Why Quartz Tube Halogen Lamps Are Such Effective and Long-Lasting Infrared Emitters
Occasionally, when working with clients, they express surprise that one of the mainstays of infrared lamps is the classic "quartz tube" halogen bulb. It was invented in the 1950s, so it seems odd that such a relatively old design would still be preferred for modern infrared emitters. However, sometimes classic designs are still the best. Halogen bulbs have a remarkable longevity, and are unlikely to be surpassed any time soon, in terms of price vs. performance, for most industrial applications.
The Key to Halogen Bulbs' Longevity
At heart, halogen infrared emitters are a variation on the classic incandescent light bulb which is still used around the world. Like incandescent bulbs, halogen bulbs utilize a filament made of tungsten which is super-heated to produce light, contained within an enclosure filled with inert gas.
The main differences involve the type of enclosure, and the gas within it.
Rather than glass, halogen bulbs utilize forms of quartz which are far stronger than glass - able to withstand significantly higher pressure and heat. This makes quartz casings reliable even in applications calling for several hundred degrees' temperature.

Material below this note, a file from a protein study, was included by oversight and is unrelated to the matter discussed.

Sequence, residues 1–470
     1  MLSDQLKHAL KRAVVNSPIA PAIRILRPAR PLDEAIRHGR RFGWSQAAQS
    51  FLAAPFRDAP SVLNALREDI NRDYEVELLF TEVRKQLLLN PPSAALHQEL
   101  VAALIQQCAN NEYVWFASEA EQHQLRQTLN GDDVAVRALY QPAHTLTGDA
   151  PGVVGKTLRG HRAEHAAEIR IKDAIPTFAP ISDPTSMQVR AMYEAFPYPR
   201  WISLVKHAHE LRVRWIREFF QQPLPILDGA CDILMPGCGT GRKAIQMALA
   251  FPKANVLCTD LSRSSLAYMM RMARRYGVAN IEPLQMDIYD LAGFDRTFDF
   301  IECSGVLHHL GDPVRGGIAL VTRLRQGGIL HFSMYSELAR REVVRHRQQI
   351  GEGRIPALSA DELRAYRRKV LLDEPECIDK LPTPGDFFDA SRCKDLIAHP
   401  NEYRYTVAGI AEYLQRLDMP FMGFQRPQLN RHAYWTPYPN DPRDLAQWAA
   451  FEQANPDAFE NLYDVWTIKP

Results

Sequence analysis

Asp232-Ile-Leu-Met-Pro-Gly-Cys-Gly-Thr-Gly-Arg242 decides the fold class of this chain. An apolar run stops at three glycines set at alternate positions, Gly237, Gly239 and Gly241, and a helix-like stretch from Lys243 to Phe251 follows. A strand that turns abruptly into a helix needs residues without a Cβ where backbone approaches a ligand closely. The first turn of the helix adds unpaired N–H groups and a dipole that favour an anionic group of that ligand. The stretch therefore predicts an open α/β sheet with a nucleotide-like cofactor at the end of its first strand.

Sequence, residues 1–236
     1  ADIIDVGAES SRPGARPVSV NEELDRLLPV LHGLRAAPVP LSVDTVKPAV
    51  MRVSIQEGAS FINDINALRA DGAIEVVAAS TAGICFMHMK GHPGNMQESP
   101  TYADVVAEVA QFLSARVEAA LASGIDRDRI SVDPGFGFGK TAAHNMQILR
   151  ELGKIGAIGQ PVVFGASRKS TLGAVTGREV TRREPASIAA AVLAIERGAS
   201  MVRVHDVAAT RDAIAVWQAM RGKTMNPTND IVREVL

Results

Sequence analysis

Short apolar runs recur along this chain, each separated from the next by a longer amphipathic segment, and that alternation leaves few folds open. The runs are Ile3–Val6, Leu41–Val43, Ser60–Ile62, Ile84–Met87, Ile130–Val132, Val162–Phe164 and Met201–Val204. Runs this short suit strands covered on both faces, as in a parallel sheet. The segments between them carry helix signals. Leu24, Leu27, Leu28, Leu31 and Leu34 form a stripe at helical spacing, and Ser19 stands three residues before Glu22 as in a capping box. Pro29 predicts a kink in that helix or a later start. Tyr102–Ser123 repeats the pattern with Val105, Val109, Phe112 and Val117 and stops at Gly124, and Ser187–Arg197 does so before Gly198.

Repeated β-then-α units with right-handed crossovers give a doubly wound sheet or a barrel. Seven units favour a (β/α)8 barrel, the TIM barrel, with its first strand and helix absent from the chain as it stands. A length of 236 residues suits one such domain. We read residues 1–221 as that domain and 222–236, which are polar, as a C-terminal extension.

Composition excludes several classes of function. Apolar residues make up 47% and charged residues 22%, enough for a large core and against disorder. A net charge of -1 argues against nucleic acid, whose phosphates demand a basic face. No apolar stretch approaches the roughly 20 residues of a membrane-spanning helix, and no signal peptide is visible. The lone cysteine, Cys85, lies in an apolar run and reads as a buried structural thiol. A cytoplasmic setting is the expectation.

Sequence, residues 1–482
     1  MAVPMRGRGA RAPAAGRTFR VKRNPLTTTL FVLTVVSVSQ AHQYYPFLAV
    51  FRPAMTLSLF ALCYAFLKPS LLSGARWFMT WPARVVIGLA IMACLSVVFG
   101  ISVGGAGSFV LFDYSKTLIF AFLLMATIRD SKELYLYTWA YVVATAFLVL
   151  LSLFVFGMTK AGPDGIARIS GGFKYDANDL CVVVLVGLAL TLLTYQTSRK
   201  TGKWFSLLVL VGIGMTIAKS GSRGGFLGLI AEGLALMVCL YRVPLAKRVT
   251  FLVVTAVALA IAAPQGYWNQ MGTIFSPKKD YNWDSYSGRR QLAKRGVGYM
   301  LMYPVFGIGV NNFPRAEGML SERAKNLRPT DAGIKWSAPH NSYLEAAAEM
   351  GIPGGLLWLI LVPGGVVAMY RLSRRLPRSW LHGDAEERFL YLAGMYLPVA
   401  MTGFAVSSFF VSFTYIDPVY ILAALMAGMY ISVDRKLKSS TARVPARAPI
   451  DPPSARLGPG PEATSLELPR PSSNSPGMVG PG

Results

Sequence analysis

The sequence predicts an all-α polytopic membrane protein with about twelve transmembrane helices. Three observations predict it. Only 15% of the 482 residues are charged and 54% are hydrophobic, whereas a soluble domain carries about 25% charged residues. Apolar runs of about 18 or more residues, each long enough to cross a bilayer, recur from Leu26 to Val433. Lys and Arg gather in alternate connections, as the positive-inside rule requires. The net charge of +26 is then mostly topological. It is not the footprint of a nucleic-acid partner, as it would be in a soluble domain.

The atmosphere within the bulb also varies. Traditional incandescent bulbs generally use a mixture of nitrogen and argon. This mixture is simply there to prevent oxidation. However, halogen bulbs use different gases like iodine or bromine, which are electronegative and held at significantly higher pressures than the gas within a traditional bulb.
This is what allows halogen infrared bulbs to often last for a thousand hours or more. When a traditional nitrogen/argon bulb burns, the tungsten filament is continuously vaporizing the outermost layers of molecules, which enter the gas and then are deposited on the inside of the glass. Therefore, when a bulb "burns out" the interior is blackened. It's tungsten soot.
However, the gasses within a halogen bulb captures and collect these tungsten particles. Rather than depositing on the glass, they instead re-attach to the filament. In effect, the tungsten recycles itself, burning off and re-acquiring the same layers of metal repeatedly. This lengthens the lifespan of a halogen bulb by several times beyond that of a standard incandescent, while also allowing it to operate at a much higher temperature.
Source Infrared Emitters from The Experts
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